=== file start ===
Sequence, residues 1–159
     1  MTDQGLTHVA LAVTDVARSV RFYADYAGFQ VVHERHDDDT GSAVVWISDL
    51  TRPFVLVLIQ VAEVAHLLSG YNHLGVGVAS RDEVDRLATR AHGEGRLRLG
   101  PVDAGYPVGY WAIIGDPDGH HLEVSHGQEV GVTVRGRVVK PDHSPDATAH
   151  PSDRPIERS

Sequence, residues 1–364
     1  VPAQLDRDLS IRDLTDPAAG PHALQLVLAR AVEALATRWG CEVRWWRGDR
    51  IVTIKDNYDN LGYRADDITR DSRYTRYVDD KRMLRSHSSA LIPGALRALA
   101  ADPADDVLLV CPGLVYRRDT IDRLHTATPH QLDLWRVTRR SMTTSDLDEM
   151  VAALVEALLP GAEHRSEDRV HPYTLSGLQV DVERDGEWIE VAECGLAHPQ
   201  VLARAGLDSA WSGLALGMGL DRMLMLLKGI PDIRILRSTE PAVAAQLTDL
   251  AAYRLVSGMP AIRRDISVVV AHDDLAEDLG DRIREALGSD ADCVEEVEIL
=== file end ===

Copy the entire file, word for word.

Sequence, residues 1–159
     1  MTDQGLTHVA LAVTDVARSV RFYADYAGFQ VVHERHDDDT GSAVVWISDL
    51  TRPFVLVLIQ VAEVAHLLSG YNHLGVGVAS RDEVDRLATR AHGEGRLRLG
   101  PVDAGYPVGY WAIIGDPDGH HLEVSHGQEV GVTVRGRVVK PDHSPDATAH
   151  PSDRPIERS

Sequence, residues 1–364
     1  VPAQLDRDLS IRDLTDPAAG PHALQLVLAR AVEALATRWG CEVRWWRGDR
    51  IVTIKDNYDN LGYRADDITR DSRYTRYVDD KRMLRSHSSA LIPGALRALA
   101  ADPADDVLLV CPGLVYRRDT IDRLHTATPH QLDLWRVTRR SMTTSDLDEM
   151  VAALVEALLP GAEHRSEDRV HPYTLSGLQV DVERDGEWIE VAECGLAHPQ
   201  VLARAGLDSA WSGLALGMGL DRMLMLLKGI PDIRILRSTE PAVAAQLTDL
   251  AAYRLVSGMP AIRRDISVVV AHDDLAEDLG DRIREALGSD ADCVEEVEIL